Taxation of liquidating
To the extent that a distribution is made from the corporation’s earnings and profits, it is taxed to the shareholder as a dividend. The portion of the distribution that is not considered a dividend is applied first to reduce the shareholder’s basis in the corporation’s stock. Any remaining portion is treated as gain from the sale or exchange of property (capital gain). Important Note: If a shareholder assumes a liability or takes property subject to a liability, the amount of the distribution is reduced by the amount of the liability. Special rules also apply at the corporate level. Special rules apply to distributions to a shareholder in exchange for the shareholder’s stock (redemptions).Instead of being treated as dividends, redemptions are treated as a sale or exchange of the stock by the shareholder. The distinction can be important when the long-term capital gains rates (which apply to redemptions) are higher than the tax rates on dividends.The Internal Revenue Code uses four tests to make this distinction: To prevent gamesmanship among related parties, Congress has added another layer of rules that must be analyzed to determine if a distribution is a redemption.These attribution rules provide that shares owned by a shareholder’s parents, children, and grandchildren (but not siblings) are considered to be owned by the shareholder. Similarly, shares held by corporations, trusts, and partnerships are deemed to be owned by their shareholders beneficiaries, and partners, and vice versa. As a result, shares held by these family members and entities are considered to be owned by the shareholder for purposes of determining whether the distribution qualifies as a redemption.A partner’s initial basis in his partnership interest depends on how the partner acquired the interest.If the partner acquired the interest in exchange for a contribution to the partnership, his basis generally equals the amount of money and the partner’s adjusted basis in any property contributed to the partnership. If the property is subject to indebtedness at the time of the contribution, the partner’s basis is reduced by the portion of the debt that is assumed by the other partners. If the partner acquired his interest in exchange for services, his basis equals the value of services provided. If the partner purchased his partnership interest, his basis equals his cost. The partner’s initial basis is adjusted to give effect to transactions affecting the partnership.The partner’s basis in his partnership interest in increased by: These basis adjustments depend in large part on the allocation of partnership income, gains, losses, deductions, and credit among the partners.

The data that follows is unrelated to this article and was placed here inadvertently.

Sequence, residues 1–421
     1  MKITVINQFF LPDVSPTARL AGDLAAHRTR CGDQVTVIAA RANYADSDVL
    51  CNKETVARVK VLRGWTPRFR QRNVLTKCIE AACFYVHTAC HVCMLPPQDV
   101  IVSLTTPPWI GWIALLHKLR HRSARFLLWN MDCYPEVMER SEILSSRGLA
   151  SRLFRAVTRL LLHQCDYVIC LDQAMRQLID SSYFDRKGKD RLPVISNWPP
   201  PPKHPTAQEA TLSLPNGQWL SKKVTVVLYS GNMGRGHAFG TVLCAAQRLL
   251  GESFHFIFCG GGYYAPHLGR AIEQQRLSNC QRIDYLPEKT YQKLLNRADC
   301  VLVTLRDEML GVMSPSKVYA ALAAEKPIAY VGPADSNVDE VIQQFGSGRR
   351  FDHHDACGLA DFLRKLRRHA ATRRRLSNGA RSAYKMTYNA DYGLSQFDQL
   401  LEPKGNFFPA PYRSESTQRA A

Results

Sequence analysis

Because the tax consequences of distributions depend on the shareholder’s basis, it is important to keep up with changes in the shareholder’s basis over time.Unlike a permanent termination of business activity, a temporary termination does not give rise to any taxation.Example: a business operator who is forced to temporarily stop his business activity during a period of medical convalescence.Because the income of S corporations is taxed to the owners when the income is earned, a mechanism is needed to ensure that the shareholder is not taxed again when the earnings are distributed.This is done through a system of rules that track and adjust the shareholder’s stock basis.Adjustment: the net assets after the close of the balance sheet of the last financial year are reduced by the amount of profits distributed.The amount of profits distributed is later reintegrated in the calculation of the liquidation proceeds and thereby ensures that all profits distributed after the close of the balance sheet are taxed accordingly.This discussion of the tax consequences of contributions to partnerships will also apply to limited liability companies unless the limited liability company has elected to be taxed as a corporation.As with S corporations, the tax consequences of a distribution to a partner are heavily dependent on the partner’s basis in his partnership interest.A shareholder’s basis in his S corporation stock is increased by the share of the S corporation income that is passed through to the shareholder.This effectively gives the shareholder a credit to apply against the earned income when it is ultimately distributed to the shareholder, ensuring that the income is only taxed once.